ELAINE QUEHL, Quilt Artist, Teacher, Dyer, Designer

Wednesday, August 21, 2013

What's Right With this Picture!

I love receiving photographs of finished works from students. Last week Marnie Draper sent me the above photo of the tulip quilt she just finished, using my pattern. Marnie took my In Full Bloom class 2-1/2 years ago at Country Concessions Quilt Shop in Cookstown, Ontario. Either Marnie has some art background or she intuitively knows about good composition, because her decision to place the tulip off centre was a good one. I never had an intuitive sense of good composition, but learning from reading, classes, and observation over many years now is really making me feel more confident about design. Marnie has also developed an ability to see value, giving the tulip depth, making you feel as though you could walk right in!  I like the way she has also broken up her background to make it more interesting. I thought that sharing this photo today was good timing, given my last post where I talked about fixing my own composition.

Tuesday, August 20, 2013

What's Wrong with this Picture?

The theme of today's post is "what is wrong with this picture"? I will begin with photos of my studio, as it appeared after coming home from my two weeks of teaching at the Haliburton School of the arts. This is AFTER I put all my things away. Can you see why it felt impossible to work in this space?

Stuff was piled everywhere! Even the palettes of fabric I might need for my next projects kept getting stacked higher and higher on a chair. 

I couldn't even find the table tops!

Bits and pieces of projects were all over the place.

But now it is fixed!  See my closet on the far wall (this is with doors off)? Two new shelving units that fit properly and are heavy duty enough to hold all those bins of fabric were part of the solution. I was able to fit more into the closet than before the improved shelving units. One unfortunate fact is that I still have way too much commercial fabric taking up my precious space, meaning that most of my hand-dyed fabrics are stashed in a big white pantry (to the right) and a chest of drawers in the neighbouring room. Yes, I do use my commercial fabrics for backings and such, but at the rate I'm producing (or not producing!) work I have way too much fabric. Hmmm ... didn't I mention this problem about 2 years ago? The good news is that I now have an intimate knowledge of where my in-progress projects are and I have clear table tops to work on!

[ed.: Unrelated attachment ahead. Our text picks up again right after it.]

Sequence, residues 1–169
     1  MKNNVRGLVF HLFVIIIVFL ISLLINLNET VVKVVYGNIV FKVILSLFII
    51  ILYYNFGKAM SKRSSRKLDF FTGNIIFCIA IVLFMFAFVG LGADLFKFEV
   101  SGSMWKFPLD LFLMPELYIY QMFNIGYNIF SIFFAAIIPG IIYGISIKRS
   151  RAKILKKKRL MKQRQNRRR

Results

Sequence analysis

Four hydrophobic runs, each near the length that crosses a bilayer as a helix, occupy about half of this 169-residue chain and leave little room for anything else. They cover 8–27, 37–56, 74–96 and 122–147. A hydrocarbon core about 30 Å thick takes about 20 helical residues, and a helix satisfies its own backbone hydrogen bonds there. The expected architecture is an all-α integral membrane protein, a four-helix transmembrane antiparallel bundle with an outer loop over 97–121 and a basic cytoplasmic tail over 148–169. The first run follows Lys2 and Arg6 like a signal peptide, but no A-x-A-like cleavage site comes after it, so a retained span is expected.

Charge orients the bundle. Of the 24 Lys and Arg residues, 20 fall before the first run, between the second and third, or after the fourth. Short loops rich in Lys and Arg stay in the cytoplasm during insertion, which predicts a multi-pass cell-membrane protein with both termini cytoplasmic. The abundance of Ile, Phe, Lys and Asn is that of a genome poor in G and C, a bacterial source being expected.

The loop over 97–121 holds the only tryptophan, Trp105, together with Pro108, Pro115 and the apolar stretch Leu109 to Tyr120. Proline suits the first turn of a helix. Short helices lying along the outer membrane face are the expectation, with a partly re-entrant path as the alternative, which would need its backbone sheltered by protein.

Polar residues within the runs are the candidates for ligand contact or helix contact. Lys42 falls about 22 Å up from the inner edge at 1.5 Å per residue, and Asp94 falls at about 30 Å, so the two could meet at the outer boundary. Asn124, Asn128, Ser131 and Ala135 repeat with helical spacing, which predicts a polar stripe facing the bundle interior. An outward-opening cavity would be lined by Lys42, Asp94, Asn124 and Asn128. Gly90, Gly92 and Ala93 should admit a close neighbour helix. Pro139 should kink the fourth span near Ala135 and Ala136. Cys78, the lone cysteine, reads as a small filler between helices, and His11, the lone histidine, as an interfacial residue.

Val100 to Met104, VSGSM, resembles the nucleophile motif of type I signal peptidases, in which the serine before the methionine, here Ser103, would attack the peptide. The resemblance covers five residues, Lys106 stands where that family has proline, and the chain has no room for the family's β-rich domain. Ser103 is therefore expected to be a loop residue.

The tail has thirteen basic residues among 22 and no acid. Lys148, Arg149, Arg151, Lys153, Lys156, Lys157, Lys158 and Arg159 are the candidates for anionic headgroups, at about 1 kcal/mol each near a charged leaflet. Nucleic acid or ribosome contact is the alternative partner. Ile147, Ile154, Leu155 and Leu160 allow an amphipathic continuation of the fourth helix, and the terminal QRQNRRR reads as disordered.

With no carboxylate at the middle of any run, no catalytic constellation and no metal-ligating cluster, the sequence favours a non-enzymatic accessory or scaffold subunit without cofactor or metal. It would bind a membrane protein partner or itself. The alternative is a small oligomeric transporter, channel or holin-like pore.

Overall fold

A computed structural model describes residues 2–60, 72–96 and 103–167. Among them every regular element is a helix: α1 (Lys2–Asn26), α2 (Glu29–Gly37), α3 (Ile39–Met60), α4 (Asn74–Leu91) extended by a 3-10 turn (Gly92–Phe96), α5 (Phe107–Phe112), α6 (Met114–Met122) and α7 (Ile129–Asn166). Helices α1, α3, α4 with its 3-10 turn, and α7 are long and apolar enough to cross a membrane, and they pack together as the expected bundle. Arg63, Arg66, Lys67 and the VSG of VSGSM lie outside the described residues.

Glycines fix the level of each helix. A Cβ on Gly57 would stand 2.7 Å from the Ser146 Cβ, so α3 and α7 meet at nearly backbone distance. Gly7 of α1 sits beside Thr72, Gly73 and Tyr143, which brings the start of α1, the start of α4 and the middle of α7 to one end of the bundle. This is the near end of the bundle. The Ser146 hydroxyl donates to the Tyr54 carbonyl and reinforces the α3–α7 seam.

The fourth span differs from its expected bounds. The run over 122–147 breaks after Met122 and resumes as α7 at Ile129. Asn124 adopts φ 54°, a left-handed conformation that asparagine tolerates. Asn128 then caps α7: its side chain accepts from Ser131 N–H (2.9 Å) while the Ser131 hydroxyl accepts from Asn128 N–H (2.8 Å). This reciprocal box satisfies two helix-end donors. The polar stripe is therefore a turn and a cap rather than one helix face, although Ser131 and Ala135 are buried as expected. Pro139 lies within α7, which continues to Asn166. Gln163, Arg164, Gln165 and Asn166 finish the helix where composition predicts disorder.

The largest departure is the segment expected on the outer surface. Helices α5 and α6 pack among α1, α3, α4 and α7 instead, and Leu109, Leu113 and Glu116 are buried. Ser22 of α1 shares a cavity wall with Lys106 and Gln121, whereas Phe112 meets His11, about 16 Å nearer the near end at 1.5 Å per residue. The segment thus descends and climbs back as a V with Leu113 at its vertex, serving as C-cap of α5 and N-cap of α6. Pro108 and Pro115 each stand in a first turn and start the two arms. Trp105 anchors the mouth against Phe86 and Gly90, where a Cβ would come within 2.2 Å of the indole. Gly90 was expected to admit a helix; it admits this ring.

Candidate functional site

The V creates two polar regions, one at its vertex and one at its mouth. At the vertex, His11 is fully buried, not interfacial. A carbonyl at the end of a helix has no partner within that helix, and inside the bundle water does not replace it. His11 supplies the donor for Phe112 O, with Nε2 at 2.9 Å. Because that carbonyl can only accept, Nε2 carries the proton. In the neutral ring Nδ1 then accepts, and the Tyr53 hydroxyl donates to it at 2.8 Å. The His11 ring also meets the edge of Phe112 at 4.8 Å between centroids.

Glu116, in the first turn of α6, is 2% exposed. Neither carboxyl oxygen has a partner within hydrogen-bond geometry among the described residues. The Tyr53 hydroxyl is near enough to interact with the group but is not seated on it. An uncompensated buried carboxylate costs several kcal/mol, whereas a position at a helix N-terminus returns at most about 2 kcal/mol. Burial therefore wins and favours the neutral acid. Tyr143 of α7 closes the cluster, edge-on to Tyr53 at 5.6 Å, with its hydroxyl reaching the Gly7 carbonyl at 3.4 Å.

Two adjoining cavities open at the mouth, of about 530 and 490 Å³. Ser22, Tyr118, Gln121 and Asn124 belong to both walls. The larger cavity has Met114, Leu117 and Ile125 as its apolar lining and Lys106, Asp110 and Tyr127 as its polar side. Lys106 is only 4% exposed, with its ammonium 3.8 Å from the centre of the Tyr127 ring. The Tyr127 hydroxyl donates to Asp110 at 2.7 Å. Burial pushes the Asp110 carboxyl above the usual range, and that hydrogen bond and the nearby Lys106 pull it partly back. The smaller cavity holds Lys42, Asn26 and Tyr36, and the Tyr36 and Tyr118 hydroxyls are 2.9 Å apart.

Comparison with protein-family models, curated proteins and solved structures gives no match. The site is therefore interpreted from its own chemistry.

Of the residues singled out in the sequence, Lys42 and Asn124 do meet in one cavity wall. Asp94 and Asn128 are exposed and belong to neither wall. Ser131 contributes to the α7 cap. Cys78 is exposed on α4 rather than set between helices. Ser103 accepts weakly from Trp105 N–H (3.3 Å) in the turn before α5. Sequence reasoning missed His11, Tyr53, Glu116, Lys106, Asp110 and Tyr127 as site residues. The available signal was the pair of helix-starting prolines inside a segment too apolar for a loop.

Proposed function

And on the theme of "what is wrong with this picture", I present the following. While I still love the tulip in "Queen of the Night", made in 2008, I am bothered by the stagnant composition. It sits centre stage with all that dead space around it, and it is far too symmetrical. While I knew better at the time, I was single-mindedly focusing on studying value to the detriment of other aspects of good design.

So I tried cropping the photo to make the borders less symmetrical.  

I tried colouring in two possible positions that I might add a stem, that would draw my eye up into the tulip.

I tried cropping all borders so they would be less overwhelming and "quilty". I want this to look like art, not a bed quilt.

Finally, I tried cropping all borders away, as well as cropping some of the dead space to bring the flower up closer. This looks more modern and arty, I think.